Again, you can make this work, but you end up with a highly procedural API that is very unpleasant to work with. Consider the Membership Provider API as a good example of that. The API is a PITA to work with compared to APIs that don’t need to work to the lowest common denominator.

When talking about data stores, that usually means limit yourself to key/value store operations, and even then, there is stuff that leaks through. Let me show you an example that you might be familiar with:

The MembershipProvider is actually a good example of an API that try to fit several different storage systems. It has a huge advantage from the get go because it comes with two implementations for two different storage systems (RDBMS and ActiveDirectory).

Note the API that you have, not only is it highly procedural, but it can also assume nothing about its implementation. It makes for code that is highly coupled to this API and to this form of working with data in procedural fashion. This make it much harder to work with compared to code using a system that enable automatic change tracking and data store synchronization (pretty much every ORM).

That is one problem of such APIs, it greatly increase the cost of working with it. Another problem is that stuff still leaks through.

Take a look at the GetNumberOfUsersOnline method. That is a method that can only be answered efficiently on a relational database. The ActiveDirectoryMembershipProvider just didn’t implement this method, because it isn’t possible to answer that question from ActiveDirectory.

By that same token, you can’t implement FindUsersByEmail, FindUsersByName on a key/value store (well, you can maintain a reverse index, of course), nor can you implement GetAllUsers.

You can’t abstract the nature of the underlying data store that you use, it is going to leak through. The issues isn’t so much if you can make it work, you usually can, the issue is if you can make it work efficiently. Typical problems that show up is that you try to map concepts that simply do not exists in the underlying data store.

Relations is a good example of something that it is very easy to do in SQL but very hard to do using almost anything else. You can still do that, of course, but now your code is full of SELECT N+1 and you can waive goodbye to your performance. If you build an API for a document database and try to move it to a relational one, you are going to get hit with “OMG! It takes 50 queries to save this entity on a database, and 1 request to save it on a DocDb”, leaving aside the problem that you are also going to have problems reading it from a relational database (the API would assume that you give back the full object).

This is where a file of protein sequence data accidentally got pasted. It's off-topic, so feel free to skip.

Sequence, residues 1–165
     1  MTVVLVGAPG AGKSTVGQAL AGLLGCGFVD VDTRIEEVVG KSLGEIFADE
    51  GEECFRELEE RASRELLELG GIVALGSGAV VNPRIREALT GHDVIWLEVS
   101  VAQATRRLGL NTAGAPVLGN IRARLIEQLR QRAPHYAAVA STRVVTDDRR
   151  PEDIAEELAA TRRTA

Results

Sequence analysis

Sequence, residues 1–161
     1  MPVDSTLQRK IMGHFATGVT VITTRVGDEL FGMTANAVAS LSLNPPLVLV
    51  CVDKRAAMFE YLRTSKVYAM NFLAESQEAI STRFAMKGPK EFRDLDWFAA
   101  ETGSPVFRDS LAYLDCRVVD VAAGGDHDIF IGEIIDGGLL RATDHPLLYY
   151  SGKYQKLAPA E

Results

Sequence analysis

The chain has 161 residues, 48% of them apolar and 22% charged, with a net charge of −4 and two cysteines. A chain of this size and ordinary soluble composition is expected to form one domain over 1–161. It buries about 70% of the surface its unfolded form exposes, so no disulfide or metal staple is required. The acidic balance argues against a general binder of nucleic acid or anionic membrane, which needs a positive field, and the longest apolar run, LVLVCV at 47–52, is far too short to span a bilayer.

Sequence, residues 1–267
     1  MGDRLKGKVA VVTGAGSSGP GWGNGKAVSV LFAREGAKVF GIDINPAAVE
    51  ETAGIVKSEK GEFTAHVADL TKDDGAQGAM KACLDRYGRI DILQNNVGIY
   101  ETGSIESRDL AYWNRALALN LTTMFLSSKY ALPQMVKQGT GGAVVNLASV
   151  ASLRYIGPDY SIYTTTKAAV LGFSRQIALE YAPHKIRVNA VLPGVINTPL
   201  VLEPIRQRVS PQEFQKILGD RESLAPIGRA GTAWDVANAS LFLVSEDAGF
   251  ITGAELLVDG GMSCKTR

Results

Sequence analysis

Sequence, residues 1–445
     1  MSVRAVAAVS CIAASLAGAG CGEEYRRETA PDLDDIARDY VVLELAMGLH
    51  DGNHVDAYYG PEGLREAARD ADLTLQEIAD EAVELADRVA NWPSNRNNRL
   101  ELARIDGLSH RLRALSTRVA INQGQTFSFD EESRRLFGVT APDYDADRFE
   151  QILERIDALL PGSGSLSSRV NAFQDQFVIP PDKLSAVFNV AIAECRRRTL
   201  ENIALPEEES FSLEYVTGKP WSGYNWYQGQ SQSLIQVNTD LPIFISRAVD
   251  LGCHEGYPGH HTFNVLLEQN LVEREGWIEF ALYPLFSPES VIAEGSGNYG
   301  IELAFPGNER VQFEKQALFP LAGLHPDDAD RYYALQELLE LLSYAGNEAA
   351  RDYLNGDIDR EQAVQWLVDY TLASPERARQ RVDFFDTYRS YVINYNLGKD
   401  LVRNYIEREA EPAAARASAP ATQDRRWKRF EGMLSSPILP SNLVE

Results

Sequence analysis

In short, abstractions only work as long as you can assume that what you are abstracting is roughly similar. Abstracting the type of the relational database you use is easy, because you are abstracting the same concept. But you can't abstract away different concepts. Don’t even try.

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# Package management for .NET: Nu

Package management for .NET has long been an issue. I won’t rehash the story, but you can read about a lot of the problems here.

There has been several attempts to replicate the success of Gems in Ruby, but none has really taken hold. Dru Sellers & Rob Reynolds had decided to take a slightly different approach. Instead of trying to replicate Ruby’s gems, just use them.

That is how Nu was created (and I really want to know what that name was picked, I nearly titled this post Dr. No). Before you can use Nu, you need to install it, which means that you have to make the following one time steps:

• Install Ruby (you can also use Iron Ruby, but the Ruby installer is just sweet & painless).
• gem install nu

Once this is done, all you need to do to install a piece of software is just write:

• nu install rhino.mocks
• nu install nhibernate

And Nu will get the latest version (including resolving dependencies) and put them in your lib folder.

After executing the two commands above, I have the following contents in my lib directory.

• castle.core
• castle.dynamicproxy2
• log4net
• nhibernate
• rhino.mocks

I like it, it is going to make things so much simpler!